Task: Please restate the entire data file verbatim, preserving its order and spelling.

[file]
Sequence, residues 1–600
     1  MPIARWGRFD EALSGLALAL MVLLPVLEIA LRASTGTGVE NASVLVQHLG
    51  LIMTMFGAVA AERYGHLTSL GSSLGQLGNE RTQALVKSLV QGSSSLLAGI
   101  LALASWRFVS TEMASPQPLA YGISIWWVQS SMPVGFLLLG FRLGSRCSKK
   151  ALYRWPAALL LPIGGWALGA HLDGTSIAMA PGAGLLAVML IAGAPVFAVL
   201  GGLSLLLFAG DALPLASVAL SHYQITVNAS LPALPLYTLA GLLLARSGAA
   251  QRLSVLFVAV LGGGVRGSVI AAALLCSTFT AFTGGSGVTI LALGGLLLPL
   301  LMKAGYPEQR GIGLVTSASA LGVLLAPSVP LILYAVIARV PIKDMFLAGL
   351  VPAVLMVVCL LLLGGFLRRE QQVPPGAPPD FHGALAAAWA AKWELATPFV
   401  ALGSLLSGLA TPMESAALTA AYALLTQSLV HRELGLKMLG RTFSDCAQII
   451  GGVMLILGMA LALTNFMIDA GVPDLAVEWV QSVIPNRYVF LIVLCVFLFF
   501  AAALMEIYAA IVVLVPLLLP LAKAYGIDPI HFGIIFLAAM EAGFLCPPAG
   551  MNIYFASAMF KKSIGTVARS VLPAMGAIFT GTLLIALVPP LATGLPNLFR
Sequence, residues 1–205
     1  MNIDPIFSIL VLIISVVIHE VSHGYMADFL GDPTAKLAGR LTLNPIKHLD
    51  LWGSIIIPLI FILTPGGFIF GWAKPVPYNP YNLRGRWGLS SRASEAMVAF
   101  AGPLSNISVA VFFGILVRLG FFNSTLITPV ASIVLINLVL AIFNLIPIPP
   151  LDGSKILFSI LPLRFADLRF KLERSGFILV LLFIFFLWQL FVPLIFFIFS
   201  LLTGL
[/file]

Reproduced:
Sequence, residues 1–600
     1  MPIARWGRFD EALSGLALAL MVLLPVLEIA LRASTGTGVE NASVLVQHLG
    51  LIMTMFGAVA AERYGHLTSL GSSLGQLGNE RTQALVKSLV QGSSSLLAGI
   101  LALASWRFVS TEMASPQPLA YGISIWWVQS SMPVGFLLLG FRLGSRCSKK
   151  ALYRWPAALL LPIGGWALGA HLDGTSIAMA PGAGLLAVML IAGAPVFAVL
   201  GGLSLLLFAG DALPLASVAL SHYQITVNAS LPALPLYTLA GLLLARSGAA
   251  QRLSVLFVAV LGGGVRGSVI AAALLCSTFT AFTGGSGVTI LALGGLLLPL
   301  LMKAGYPEQR GIGLVTSASA LGVLLAPSVP LILYAVIARV PIKDMFLAGL
   351  VPAVLMVVCL LLLGGFLRRE QQVPPGAPPD FHGALAAAWA AKWELATPFV
   401  ALGSLLSGLA TPMESAALTA AYALLTQSLV HRELGLKMLG RTFSDCAQII
   451  GGVMLILGMA LALTNFMIDA GVPDLAVEWV QSVIPNRYVF LIVLCVFLFF
   501  AAALMEIYAA IVVLVPLLLP LAKAYGIDPI HFGIIFLAAM EAGFLCPPAG
   551  MNIYFASAMF KKSIGTVARS VLPAMGAIFT GTLLIALVPP LATGLPNLFR
Sequence, residues 1–205
     1  MNIDPIFSIL VLIISVVIHE VSHGYMADFL GDPTAKLAGR LTLNPIKHLD
    51  LWGSIIIPLI FILTPGGFIF GWAKPVPYNP YNLRGRWGLS SRASEAMVAF
   101  AGPLSNISVA VFFGILVRLG FFNSTLITPV ASIVLINLVL AIFNLIPIPP
   151  LDGSKILFSI LPLRFADLRF KLERSGFILV LLFIFFLWQL FVPLIFFIFS
   201  LLTGL